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`FOUR MINUTES' NOMINATED FOR EMMY, ESPY.

Byline: ALEJANDRO GUZMAN Valley News Writer

Topanga resident James Chressanthis, a member of the American Society of Cinematographers, is in the running for an Outstanding Cinematography Emmy nomination for his ESPN Original Entertainment production ``Four Minutes.''

This is his second Emmy nomination for a miniseries or movie. He was first nominated for the 2001 biography ``Life with Judy Garland: Me and My Shadows.''

``Four Minutes'' was also nominated for a 2006 ESPY Award as Best Sports Movie.

The film is about Roger Bannister, a man determined to run the first sub- four-minute mile and achieves it on May 6, 1954.

Chressanthis is excited about this particular nomination because of his own personal experiences as a long-distance runner.

``I have a connection with the character,'' Chressanthis said.

He felt he could relate to Banister and more accurately depict the runner's struggles than someone with no running experience.

Bannister was a medical student at the time of his record-breaking achievements and was one of the first to apply modern physiology to the science of running. He was ridiculed for that. Chressanthis says these are the circumstances that drew him in.

``The movie portrays a story of an individual character who found his own path and that's what appealed to me,'' Chressanthis said.

He says that when people look at the movie, they will realize the era of the story because there are no logos, sponsors or contracts. Banister did this for the pureness of achievement.

Chressanthis' other goal was to accurately capture a post-World War II Britain. Scenes look gloomy, the effects of war are still visible on people's faces.

To make sure he represented Bannister's struggles as accurately as possible, he made many suggestions during the track training sessions.

Chressanthis says that Charles Beeson, director of the movie, acknowledged his personal knowledge and gave him more leeway.

Chressanthis made sure to portray the grueling training sessions and wanted to depict the gradual improvements of Bannister's quality as a runner.

``It was so important for me to get it right: to represent just how difficult, grueling and painful running at this level is,'' Chressanthis said.

The rough races reminded him of his own running experiences training for competition.

Another technique Chressanthis implemented was the use of a new Swedish camera. He attached the camera to a stick and ran alongside the pack, filming them at the 60-second quarter-mile pace. With the height of the camera, he was able to get angles from above the pack.

He insisted that runners maintain the original pace of a 60-second quarter-mile in order to get a realistic effect.

Chressanthis recalls an enchanting moment as they re-created the last 50 yards of the race.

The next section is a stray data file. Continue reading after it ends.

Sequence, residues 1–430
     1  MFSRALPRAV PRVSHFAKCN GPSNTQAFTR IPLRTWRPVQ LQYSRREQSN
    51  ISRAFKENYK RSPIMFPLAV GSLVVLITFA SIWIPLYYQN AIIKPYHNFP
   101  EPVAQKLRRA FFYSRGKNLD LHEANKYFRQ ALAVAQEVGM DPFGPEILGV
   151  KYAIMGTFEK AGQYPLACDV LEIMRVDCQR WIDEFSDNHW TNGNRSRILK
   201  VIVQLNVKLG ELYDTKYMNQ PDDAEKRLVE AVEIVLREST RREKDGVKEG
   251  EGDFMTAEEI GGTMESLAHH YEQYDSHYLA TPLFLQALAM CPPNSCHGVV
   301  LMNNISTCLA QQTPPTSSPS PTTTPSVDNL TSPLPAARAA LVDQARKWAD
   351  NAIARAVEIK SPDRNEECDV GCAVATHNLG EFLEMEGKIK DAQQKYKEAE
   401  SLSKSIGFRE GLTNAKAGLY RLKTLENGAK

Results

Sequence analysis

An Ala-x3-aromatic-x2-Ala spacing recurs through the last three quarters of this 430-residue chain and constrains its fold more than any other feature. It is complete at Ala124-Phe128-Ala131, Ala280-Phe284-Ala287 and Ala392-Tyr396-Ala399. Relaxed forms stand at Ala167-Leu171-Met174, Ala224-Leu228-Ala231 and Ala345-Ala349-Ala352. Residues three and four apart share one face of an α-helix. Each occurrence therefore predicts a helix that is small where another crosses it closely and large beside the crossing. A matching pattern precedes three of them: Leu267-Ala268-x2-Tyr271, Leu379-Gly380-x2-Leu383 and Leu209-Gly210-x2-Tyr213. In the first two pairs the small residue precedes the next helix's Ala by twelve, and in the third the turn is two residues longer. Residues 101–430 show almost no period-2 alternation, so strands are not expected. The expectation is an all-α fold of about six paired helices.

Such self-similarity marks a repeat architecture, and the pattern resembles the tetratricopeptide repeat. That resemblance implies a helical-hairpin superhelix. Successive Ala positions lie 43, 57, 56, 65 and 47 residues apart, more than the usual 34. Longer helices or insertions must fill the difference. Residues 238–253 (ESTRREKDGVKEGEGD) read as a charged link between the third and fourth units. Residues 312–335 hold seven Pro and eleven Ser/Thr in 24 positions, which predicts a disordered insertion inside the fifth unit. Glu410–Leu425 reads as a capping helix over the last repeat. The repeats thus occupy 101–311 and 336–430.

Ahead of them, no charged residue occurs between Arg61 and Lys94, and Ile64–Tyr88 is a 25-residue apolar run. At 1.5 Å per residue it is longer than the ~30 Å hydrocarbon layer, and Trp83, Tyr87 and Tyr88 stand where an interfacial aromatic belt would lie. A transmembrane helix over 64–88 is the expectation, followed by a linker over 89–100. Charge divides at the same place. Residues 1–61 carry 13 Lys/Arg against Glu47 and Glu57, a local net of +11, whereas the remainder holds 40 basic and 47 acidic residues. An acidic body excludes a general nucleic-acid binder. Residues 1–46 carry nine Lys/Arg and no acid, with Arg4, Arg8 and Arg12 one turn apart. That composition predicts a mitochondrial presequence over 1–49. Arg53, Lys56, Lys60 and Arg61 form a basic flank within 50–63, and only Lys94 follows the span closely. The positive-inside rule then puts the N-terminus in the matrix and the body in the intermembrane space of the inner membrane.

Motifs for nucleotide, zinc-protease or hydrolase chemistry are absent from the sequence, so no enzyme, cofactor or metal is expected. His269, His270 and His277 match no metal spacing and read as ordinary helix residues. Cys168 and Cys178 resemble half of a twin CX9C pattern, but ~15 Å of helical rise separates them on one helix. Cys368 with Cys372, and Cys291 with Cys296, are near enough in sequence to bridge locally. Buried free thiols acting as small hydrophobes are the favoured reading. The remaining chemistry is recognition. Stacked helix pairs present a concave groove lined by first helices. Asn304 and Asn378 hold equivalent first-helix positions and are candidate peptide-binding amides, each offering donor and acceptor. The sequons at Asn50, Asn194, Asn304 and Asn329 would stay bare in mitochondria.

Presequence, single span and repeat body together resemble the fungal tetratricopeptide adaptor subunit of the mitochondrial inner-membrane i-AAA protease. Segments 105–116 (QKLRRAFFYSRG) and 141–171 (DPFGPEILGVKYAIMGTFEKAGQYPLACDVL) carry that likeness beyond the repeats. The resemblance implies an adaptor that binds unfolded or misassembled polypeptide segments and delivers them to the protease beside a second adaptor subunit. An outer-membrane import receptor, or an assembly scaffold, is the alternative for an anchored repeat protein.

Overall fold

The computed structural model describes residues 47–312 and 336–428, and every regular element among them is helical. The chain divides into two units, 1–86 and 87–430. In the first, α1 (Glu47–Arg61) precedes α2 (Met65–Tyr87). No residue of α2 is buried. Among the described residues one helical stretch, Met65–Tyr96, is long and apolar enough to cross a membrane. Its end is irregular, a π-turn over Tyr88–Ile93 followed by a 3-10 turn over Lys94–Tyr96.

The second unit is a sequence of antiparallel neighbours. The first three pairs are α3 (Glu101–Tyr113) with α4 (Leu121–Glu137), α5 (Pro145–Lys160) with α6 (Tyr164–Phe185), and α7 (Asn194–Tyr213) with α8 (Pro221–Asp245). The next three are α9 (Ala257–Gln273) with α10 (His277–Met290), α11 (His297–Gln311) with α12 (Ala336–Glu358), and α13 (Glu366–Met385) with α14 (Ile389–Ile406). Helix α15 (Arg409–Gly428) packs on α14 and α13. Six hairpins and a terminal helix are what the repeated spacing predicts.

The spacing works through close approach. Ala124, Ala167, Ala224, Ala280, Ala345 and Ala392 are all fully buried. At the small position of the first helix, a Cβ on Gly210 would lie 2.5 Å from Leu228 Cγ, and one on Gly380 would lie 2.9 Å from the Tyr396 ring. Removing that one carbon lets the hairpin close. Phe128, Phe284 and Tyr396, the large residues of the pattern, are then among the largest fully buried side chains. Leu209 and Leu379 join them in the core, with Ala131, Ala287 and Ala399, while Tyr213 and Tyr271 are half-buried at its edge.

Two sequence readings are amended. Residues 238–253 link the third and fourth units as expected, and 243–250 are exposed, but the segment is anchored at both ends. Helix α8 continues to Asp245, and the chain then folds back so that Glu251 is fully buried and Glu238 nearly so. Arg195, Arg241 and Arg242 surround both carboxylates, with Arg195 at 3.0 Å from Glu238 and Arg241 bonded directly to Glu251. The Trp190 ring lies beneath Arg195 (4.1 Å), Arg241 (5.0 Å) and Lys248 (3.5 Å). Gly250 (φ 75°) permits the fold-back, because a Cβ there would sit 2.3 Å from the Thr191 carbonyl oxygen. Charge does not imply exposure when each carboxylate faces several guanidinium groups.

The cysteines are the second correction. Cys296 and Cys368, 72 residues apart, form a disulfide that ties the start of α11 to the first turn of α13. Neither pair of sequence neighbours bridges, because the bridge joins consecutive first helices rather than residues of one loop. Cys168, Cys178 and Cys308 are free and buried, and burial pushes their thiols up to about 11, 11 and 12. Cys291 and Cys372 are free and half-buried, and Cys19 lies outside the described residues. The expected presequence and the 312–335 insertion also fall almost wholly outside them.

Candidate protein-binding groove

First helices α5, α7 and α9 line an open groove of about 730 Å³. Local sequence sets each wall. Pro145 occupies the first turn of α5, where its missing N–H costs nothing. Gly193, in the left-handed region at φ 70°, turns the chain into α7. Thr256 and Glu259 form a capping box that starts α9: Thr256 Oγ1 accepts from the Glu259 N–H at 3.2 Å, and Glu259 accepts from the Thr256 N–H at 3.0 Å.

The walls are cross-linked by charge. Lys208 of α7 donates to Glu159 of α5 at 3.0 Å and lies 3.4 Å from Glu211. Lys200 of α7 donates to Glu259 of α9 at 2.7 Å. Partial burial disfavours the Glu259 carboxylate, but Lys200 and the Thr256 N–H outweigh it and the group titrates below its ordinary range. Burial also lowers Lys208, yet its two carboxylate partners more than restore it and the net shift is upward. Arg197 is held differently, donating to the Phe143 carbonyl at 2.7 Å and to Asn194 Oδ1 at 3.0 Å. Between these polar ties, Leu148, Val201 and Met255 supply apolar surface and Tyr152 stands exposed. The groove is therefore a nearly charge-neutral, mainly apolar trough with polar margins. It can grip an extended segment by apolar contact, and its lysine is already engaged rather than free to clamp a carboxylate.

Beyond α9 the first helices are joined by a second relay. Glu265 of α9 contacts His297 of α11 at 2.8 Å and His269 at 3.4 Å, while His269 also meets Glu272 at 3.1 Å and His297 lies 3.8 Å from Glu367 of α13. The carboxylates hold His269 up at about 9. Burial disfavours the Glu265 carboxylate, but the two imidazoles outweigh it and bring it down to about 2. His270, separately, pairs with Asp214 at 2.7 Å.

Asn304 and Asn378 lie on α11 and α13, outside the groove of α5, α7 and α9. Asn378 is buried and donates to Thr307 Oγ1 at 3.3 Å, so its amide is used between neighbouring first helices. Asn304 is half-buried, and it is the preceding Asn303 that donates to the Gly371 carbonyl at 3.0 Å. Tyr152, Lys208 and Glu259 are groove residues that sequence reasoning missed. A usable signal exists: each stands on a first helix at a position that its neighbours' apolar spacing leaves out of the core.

``The crowd was wild,'' he said. ``When we filmed this (scene) we had about 600 extras, pretty close to what actually happened.''

He says both the crowd and crew cried out of joy.

``The whole film was designed to describe that last moment,'' Chressanthis said.

Chressanthis says there is a bit of directing involved with cinematography and he had directorial involvement in some of the action scenes.

He had the track covered in cinders to get an authentic look. Then, both the director's assistant and Chressanthis put on spikes and gave the track a test run to make sure it was perfect.

He shot close-ups of the sweaty face of Jamie Maclachlan, the actor playing Bannister and tried to shoot across the stadium to get as many perspectives as possible. He shot scenes in super slow-motion and even re-created BBC footage.

Currently, Chressanthis is in his second season as director of photography and one of the directors of the CBS primetime series ``Ghost Whisperer.''

He directed one episode last year and says he is due to direct another in December or January.

``It's been fabulous,'' Chressanthis said. ``It's been a fantastic year.''

Chressanthis has been living in Topanga since 2000 and in L.A. since 1984. He is a Philadelphia native and trained as a sculptor and photographer while in college.

He earned a master of fine arts degree at Southern Illinois University. Later, he enrolled in the cinematography program at the American Film Institute and went from working on documentaries to dramatic features.

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Photo:

James Chressanthis, ASC is nominated for his second career Emmy for Outstanding Cinematography for ESPN2's Original Movie, ``Four Minutes'' about the life of Roger Bannister, the first man to run under a four-minute mile.
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Title Annotation:Valley News
Publication:Daily News (Los Angeles, CA)
Date:Jul 26, 2006
Words:739
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